The pretty good but what do I know? — Upi Jaya in Elmhurst, where I met up with our eating-Asian group for Saturday lunch and where even our relative ignorance of Indonesian cuisine didn’t prevent us from satisfying ourselves one dish or another. I liked the perkedal kentang/potato fritters, the lemper ayam/steamed glutinous rice stuffed with shredded seasoned chicken, the kale in coconut curry and especially the beef rendang, which was not exactly tender but was busting out all over in flavor. The weekend-only noodle dishes were also worth ordering, one with shrimp and the other with more shredded chicken. I wasn’t crazy about jackfruit curry, and the gado gado was pretty sloppy. Overall, though: Yes, I got my $22 worth, and the super-patient, running-hard waitress really earned her tip. Props to the youngest at the table who wondered: Can she live on tips? 76-04 Woodside Avenue, 718 458 1807.

Oz-some

April 2011

While I’m processing Nickel City eats, I will jump ahead to say Toronto was a gustatory wonderland. And not a bad place to explore in only 27 hours. Thanks to a Buffalo tip from the woman who persuaded me to surrender rare face time, we were lucky enough to make our base at the Drake Hotel, which turned out to be super-hip as promised but also amazingly hospitable, with no attitude. Since we arrived too early for check-in, we took the super-charming manager’s suggestion to eat in the cafe and had respectable pulled pork sandwich and fish tacos, the latter with a rather innovative filling: cornmeal-battered and fried steelhead trout. I wound up peeling off the tortillas and sloppy cabbage and just forking up the good fish. Both entrees came with fries that looked both desiccated and Boehner orange but tasted pretty satisfying. Coffee, however, tasted pretty awful, Bob reported.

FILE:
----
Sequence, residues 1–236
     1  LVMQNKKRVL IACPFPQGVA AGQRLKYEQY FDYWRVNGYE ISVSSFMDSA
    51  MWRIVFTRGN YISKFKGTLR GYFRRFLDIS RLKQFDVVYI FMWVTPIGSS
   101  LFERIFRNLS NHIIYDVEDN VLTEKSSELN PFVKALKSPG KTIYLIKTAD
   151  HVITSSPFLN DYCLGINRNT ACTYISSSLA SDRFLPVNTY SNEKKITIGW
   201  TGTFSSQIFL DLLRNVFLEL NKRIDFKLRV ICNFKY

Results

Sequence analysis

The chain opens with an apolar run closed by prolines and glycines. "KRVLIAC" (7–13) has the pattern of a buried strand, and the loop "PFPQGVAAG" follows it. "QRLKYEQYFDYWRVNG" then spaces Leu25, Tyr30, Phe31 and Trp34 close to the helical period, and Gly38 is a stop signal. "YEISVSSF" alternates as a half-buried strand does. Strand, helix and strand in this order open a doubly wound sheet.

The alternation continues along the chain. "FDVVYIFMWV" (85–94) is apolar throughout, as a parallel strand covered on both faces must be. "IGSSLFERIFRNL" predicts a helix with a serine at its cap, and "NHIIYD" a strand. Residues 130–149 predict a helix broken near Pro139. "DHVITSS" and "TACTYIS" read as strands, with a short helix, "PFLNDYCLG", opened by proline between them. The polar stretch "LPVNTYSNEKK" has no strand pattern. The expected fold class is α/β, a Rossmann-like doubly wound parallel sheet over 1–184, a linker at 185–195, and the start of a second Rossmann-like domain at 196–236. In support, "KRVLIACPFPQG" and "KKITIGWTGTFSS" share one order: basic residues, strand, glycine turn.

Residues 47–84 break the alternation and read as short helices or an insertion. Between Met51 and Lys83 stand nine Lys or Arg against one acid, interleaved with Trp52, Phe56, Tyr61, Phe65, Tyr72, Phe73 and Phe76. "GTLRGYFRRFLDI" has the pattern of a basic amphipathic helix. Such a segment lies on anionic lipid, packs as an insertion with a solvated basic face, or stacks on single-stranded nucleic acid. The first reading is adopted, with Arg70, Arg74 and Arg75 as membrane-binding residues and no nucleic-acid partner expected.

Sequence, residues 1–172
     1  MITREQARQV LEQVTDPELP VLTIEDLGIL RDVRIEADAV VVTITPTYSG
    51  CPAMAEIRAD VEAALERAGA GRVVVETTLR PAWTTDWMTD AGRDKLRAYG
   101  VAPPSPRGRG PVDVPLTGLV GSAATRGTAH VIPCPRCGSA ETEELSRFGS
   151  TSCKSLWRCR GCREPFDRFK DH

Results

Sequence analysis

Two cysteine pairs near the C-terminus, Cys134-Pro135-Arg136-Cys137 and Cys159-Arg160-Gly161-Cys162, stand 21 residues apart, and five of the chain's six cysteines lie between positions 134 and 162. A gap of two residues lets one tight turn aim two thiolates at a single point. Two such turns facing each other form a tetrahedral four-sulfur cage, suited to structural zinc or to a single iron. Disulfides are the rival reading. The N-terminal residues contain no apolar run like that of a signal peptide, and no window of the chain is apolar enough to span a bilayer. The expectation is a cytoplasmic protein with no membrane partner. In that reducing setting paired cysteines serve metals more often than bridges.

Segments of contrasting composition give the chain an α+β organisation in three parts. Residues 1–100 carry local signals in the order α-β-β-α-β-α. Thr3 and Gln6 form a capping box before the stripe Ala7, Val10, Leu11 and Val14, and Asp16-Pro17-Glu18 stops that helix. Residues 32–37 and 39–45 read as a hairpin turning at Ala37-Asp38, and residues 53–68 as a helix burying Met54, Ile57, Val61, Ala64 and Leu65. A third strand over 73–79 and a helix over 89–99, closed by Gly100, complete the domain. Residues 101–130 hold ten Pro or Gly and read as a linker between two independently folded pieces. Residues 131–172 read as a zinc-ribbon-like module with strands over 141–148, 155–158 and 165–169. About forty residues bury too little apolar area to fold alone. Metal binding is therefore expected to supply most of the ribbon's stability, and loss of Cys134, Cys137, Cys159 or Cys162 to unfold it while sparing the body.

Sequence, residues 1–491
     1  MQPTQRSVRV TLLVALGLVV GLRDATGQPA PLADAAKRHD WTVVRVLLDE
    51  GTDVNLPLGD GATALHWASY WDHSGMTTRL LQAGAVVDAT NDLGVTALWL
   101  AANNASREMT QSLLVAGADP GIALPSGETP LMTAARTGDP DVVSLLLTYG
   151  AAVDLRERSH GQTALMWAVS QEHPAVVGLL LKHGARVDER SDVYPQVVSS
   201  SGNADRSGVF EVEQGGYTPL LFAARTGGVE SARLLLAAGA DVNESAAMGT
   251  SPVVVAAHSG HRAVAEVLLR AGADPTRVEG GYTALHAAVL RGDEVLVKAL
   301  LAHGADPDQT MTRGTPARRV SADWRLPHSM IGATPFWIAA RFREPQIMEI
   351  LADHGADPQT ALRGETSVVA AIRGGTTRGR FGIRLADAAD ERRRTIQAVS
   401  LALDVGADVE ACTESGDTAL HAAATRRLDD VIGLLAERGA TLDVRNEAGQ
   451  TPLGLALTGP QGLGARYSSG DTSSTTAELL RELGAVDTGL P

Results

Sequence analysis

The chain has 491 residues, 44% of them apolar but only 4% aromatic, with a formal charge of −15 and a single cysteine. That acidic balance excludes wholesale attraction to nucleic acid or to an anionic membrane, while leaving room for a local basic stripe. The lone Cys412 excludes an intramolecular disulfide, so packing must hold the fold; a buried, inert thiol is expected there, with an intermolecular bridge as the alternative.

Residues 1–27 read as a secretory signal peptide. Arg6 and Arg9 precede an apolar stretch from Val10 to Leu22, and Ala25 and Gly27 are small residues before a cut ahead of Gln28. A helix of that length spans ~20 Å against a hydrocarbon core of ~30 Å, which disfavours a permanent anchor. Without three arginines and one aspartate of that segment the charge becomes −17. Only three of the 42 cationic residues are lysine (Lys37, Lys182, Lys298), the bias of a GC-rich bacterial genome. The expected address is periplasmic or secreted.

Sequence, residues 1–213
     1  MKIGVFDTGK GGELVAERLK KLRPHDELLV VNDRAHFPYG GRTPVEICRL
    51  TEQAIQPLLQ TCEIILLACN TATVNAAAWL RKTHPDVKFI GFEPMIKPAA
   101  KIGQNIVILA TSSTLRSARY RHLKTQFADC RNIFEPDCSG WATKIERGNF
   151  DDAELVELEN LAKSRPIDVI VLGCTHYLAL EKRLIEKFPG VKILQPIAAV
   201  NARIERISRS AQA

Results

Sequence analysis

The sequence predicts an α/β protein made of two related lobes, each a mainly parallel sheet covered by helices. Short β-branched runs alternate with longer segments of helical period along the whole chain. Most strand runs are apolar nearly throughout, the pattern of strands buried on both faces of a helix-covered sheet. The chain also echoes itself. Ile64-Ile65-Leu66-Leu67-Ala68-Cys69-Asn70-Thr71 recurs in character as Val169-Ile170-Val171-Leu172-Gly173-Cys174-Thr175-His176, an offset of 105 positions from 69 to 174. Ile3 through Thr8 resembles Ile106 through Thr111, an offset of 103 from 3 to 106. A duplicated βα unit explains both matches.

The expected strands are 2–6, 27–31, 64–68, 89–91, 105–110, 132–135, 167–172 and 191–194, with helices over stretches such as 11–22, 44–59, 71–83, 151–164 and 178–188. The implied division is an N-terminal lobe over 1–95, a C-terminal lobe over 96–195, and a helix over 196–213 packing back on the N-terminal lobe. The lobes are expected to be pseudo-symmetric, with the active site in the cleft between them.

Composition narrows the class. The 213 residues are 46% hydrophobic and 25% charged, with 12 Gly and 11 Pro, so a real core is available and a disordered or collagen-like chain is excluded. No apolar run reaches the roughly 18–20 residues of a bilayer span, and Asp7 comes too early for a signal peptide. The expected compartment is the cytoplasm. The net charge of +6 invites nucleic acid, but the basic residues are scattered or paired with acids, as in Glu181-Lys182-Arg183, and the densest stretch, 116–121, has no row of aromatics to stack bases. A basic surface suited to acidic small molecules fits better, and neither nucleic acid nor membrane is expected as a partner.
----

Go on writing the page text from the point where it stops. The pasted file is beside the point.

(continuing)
After a jaunt up to the Royal Ontario Museum to see the Crystal addition by Libeskind and take a quick spin through the vaut-le-voyage Bata Shoe Museum recommended by that manager, we made our way to dinner at Lee Lounge, the newly opened addition by Susur Lee. The celeb himself greeted us when we walked in, and we soon settled into a booth with menus for both the bar and the dining room. Bob was smart enough to order Niagara red wine to go with our pupu tower; my usual New Zealand sauvignon blanc seemed too acidic against the great cheeseburger springrolls (with chipotle mayo); edamame with pickled mustard seeds; salmon seviche; chickpea puree with over-browned potato chips, and Peking duck rolls. WIGB? Not sure, but the best part of the evening was peeking in to the kitchen after a trip to the head and seeing the chef/owner himself whipping the cooks into shape.